A post-SATs political project to spark interest in the General Election
Brought to you by A Tale Unfolds
Whatever your opinion on Theresa May’s snap general election announcement this month, one thing that June 8th vote will undoubtedly provide is the opportunity to initiate political discussion within the classroom.
Why is this important?
According to the Electoral Commission, the past five general elections have recorded the lowest voter turnout rates since 1945, with young people regularly identified as one of the least engaged categories.
More promisingly, within 72 hours of last week’s snap election announcement, over 100,000 under 25s had registered to vote. Building on this momentum by inspiring the voters of the future is vital.
Not only does classroom discussion support a greater working knowledge of the democratic system; crucially, it enables pupils to develop the critical thinking skills required in order to question and scrutinise policies, parties and media bias.
This is where Pupil Prime Minister comes in. The 10-lesson literacy and filmmaking project inspires political engagement amongst 7-11 year olds through a series of fun and thought-provoking activities. Pupils investigate how parliament works (constituencies, MPs, law-making and voting) before forming their own political parties: creating manifestos, drafting speeches and even filming their own public broadcasts!
The project includes fully downloadable lesson plans, IWB slides and video resources, providing KS2 pupils with that much-needed (and topical) focus in the post-SATS lull.
Ex-Defence Minister Peter Kilfoyle, who features in the Pupil Prime Minister videos, worked alongside social enterprise A Tale Unfolds to help create the resource. You can read more about why he believes it’s vital to engage primary school pupils in this recent First News blog post.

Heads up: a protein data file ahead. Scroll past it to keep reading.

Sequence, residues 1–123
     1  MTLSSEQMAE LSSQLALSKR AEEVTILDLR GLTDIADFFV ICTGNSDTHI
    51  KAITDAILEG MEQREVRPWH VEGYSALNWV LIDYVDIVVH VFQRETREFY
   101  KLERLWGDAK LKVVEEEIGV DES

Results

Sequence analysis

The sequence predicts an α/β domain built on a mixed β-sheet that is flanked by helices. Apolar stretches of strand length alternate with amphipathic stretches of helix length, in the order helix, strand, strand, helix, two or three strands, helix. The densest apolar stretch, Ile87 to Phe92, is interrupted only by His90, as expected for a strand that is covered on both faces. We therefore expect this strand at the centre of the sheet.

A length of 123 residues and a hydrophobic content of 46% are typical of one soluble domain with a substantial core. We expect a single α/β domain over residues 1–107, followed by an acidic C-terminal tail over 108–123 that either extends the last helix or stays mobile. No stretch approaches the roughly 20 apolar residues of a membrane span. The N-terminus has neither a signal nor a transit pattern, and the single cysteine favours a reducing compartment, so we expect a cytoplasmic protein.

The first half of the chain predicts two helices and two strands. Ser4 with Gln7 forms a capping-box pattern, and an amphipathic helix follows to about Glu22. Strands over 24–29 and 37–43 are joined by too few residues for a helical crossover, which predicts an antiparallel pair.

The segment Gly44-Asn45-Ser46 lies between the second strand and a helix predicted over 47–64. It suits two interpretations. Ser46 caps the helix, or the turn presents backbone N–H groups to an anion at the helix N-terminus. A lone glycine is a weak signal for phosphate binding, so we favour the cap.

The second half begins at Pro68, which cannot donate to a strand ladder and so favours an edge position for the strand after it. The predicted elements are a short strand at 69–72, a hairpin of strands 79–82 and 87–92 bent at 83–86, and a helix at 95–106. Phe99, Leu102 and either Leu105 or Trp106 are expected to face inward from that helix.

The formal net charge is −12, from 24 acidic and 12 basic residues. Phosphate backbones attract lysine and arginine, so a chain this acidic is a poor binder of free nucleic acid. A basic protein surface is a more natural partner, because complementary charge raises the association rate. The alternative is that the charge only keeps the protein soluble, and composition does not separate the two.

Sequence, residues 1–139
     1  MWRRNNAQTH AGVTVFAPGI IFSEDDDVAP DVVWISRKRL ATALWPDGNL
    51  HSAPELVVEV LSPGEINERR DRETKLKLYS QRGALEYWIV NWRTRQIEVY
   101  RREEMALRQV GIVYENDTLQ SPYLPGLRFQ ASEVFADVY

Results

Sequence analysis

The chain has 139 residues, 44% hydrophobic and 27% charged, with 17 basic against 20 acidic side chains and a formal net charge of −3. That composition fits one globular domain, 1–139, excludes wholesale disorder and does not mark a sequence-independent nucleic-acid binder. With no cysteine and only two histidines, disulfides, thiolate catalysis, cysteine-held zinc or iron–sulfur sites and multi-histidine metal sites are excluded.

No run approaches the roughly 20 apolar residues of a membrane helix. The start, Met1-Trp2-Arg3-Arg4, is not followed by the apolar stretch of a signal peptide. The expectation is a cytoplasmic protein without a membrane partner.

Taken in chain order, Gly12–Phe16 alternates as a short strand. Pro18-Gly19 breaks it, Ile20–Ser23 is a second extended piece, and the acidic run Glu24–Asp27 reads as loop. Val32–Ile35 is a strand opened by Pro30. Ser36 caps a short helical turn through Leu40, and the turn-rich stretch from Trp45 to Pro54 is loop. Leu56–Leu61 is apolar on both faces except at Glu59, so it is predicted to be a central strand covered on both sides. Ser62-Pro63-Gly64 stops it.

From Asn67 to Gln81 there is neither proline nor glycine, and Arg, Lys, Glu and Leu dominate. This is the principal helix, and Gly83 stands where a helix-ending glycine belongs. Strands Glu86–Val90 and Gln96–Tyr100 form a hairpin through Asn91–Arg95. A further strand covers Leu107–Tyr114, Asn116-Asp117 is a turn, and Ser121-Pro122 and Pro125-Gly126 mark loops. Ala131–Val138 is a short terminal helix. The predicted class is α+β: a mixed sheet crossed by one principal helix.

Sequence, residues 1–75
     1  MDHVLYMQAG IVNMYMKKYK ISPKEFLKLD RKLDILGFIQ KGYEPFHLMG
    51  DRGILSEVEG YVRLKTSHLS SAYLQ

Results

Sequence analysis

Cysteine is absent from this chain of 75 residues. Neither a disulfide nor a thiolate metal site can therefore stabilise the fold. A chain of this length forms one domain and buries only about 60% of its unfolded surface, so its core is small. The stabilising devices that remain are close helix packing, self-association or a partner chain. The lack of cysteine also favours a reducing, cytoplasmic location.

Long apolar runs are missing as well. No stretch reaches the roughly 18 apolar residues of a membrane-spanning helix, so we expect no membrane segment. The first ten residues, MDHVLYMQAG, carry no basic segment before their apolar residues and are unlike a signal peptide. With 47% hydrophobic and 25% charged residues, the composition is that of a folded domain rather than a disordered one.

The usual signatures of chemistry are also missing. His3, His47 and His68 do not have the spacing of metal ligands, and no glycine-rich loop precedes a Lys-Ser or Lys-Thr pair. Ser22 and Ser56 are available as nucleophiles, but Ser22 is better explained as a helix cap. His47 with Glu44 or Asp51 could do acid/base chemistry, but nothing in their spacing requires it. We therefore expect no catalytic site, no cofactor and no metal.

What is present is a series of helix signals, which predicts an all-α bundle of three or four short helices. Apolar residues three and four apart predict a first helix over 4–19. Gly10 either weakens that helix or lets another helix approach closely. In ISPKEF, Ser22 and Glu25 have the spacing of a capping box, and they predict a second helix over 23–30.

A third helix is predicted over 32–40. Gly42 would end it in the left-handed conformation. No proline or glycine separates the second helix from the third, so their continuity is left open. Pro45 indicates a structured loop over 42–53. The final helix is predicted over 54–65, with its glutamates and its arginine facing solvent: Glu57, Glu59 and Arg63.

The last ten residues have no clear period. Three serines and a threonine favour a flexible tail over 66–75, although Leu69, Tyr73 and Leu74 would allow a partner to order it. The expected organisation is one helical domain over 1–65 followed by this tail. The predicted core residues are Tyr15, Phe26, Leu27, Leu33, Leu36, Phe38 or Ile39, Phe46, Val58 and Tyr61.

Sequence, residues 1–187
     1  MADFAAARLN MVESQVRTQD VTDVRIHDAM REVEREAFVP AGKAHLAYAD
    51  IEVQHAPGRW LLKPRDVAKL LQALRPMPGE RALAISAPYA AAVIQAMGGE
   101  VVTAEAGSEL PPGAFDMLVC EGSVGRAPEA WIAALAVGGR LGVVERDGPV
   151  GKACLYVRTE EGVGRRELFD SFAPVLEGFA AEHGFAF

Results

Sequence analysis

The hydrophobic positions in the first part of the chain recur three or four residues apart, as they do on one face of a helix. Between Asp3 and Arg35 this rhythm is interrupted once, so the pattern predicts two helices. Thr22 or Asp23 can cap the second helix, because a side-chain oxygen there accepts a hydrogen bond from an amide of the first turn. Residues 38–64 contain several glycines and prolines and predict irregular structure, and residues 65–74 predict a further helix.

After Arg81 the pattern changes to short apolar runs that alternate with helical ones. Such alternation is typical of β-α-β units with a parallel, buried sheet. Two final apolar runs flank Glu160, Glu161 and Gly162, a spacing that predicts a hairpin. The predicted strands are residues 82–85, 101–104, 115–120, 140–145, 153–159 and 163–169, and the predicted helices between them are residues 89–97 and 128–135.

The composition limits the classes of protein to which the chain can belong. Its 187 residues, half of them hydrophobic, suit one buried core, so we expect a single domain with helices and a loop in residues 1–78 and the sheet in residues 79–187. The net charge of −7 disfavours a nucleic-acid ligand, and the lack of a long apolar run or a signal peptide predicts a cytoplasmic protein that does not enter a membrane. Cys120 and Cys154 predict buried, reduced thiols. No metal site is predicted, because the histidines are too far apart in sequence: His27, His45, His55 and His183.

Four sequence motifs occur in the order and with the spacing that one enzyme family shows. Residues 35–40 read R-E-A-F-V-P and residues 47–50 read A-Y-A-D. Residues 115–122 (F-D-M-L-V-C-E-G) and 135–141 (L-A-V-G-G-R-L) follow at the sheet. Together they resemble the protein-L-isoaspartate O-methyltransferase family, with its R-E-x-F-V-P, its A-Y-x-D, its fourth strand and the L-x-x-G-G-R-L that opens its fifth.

Year 4 Teacher Colin Grimes recognised the impact that the project could have in helping his pupils to look at national issues from a range of viewpoints: “Having these debates in class has helped the children to see that we cannot judge the whole nation by our tiny part of it. The excellent materials gave pupils a genuine context and purpose for their writing. By showing them that the work in their books can have an effect on the world outside their classroom, they have been really inspired.”
With pupils and teachers across the country discovering the impact of filmmaking in their literacy lessons, why not inspire your budding filmmakers today by visiting www.litfilmfest.com and checking out this short film. The prestigious IMAX event, which takes place on Monday June 19th, invites winning schools to shoot their films professionally and see their efforts brought to life on the biggest screen in the country! The deadline for entries is Wednesday 17th May 2017.